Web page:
an instruction to receive test measurements from a network device configured to make test measurements at a second end of the line;
an instruction to receive a data stored in a database via a wireless network, wherein the database, accessible to a server, for storing data relating to a network service provided to the customer interface over the line; and
an instruction to analyze one of the data to determine a performance metric relating to the network service;
wherein the portable test device and the network device both being configured to exchange their respective test measurements and to store data relating to the test measurements made by the portable test device and the network device.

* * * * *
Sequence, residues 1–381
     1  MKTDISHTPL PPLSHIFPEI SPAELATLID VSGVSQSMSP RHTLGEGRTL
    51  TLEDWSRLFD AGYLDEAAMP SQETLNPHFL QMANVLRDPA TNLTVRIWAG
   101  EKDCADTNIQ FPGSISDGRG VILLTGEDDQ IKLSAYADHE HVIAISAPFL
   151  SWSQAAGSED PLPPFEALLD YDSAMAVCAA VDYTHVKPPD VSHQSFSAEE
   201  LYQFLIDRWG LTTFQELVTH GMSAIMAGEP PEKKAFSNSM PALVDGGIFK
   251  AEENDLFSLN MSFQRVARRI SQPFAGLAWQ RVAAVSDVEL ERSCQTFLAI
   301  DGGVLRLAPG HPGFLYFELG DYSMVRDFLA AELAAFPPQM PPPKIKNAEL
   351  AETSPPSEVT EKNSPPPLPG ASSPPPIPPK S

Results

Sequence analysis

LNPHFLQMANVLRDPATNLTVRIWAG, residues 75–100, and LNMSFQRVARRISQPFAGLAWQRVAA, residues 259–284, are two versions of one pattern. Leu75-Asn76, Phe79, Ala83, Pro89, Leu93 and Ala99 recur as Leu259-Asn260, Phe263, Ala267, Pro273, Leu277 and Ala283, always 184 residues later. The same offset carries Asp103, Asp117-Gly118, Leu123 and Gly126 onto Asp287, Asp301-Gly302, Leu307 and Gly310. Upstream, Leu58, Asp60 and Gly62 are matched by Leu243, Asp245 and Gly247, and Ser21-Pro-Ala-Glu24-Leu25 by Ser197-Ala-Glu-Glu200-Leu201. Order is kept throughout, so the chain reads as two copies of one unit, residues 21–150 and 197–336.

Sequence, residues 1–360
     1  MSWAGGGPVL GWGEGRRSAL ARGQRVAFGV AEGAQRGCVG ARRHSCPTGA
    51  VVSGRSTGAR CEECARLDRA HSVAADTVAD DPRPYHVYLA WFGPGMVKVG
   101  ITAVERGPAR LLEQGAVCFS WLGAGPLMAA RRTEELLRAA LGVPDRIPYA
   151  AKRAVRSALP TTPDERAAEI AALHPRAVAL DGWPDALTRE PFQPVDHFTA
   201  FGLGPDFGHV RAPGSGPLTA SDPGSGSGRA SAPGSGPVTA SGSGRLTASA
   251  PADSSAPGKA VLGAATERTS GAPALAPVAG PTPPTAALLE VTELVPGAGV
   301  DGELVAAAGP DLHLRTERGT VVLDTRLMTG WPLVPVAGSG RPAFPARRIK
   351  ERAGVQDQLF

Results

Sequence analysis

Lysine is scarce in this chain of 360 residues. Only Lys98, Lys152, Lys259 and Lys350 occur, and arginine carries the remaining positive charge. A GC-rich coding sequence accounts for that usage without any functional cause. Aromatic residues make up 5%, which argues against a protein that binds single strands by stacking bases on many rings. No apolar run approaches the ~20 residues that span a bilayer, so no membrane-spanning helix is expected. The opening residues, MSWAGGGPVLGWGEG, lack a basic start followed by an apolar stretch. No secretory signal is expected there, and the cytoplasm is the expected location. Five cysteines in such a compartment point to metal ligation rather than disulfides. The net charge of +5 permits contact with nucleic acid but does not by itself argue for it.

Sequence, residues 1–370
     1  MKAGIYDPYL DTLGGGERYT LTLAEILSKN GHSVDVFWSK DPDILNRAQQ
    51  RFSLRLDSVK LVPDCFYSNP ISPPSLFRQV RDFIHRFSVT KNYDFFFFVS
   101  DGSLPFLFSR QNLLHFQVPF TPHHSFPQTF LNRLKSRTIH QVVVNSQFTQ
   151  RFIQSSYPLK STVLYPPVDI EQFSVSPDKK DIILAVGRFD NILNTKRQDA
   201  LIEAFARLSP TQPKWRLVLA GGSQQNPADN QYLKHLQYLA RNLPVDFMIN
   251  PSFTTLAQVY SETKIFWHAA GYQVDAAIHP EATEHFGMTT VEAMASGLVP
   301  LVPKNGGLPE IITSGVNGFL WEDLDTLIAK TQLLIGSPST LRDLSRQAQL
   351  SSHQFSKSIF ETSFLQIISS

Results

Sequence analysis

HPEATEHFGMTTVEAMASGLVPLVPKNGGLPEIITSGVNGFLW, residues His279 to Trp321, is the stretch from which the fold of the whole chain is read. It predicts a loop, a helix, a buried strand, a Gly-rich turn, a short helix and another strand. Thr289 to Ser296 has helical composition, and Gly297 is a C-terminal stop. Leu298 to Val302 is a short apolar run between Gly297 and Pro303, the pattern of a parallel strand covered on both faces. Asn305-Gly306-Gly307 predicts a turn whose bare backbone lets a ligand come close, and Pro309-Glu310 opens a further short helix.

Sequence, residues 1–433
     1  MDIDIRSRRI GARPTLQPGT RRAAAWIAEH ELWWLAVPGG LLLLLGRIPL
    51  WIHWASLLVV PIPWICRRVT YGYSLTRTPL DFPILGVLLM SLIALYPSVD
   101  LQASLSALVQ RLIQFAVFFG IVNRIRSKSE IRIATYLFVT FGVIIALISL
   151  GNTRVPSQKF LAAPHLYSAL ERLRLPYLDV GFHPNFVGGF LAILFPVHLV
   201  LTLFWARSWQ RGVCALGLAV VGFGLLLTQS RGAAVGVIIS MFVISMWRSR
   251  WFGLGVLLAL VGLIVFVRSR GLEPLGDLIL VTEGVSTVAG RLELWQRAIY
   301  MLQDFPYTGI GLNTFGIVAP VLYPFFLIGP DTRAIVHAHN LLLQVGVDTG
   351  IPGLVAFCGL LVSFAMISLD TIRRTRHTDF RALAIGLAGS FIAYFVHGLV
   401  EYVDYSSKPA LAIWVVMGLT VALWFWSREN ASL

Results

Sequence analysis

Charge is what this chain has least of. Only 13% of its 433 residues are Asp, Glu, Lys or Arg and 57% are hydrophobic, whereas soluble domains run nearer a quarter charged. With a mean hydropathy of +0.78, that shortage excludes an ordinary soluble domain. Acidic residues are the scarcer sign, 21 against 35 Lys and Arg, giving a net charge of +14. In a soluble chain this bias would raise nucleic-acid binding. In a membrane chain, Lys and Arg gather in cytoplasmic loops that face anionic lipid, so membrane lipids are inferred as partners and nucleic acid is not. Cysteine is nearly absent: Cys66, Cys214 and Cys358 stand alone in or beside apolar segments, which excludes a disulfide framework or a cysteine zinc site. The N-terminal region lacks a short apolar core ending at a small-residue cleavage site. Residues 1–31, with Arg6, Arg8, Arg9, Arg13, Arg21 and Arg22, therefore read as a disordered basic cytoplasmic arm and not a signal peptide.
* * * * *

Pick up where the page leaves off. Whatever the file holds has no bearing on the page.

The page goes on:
2. The non-transitory machine-readable storage medium of claim 1, wherein the instructions further comprise an instruction to configure the portable test device and network device to make double-ended measurements on the line and to transfer the double-ended measurements to the portable test device.
3. The non-transitory machine-readable storage medium of claim 1, wherein the instructions further comprise an instruction to transfer the data received from the customer interface to the server.
4. The non-transitory machine-readable storage medium of claim 1, wherein the database stores a higher layer test data and wherein the instructions further comprise an instruction to receive the higher layer test data over the wireless network.
5. The non-transitory machine-readable storage medium of claim 1, wherein the instructions further comprise an instruction to receive a test video content from the database that represents a selected level of quality for the network service.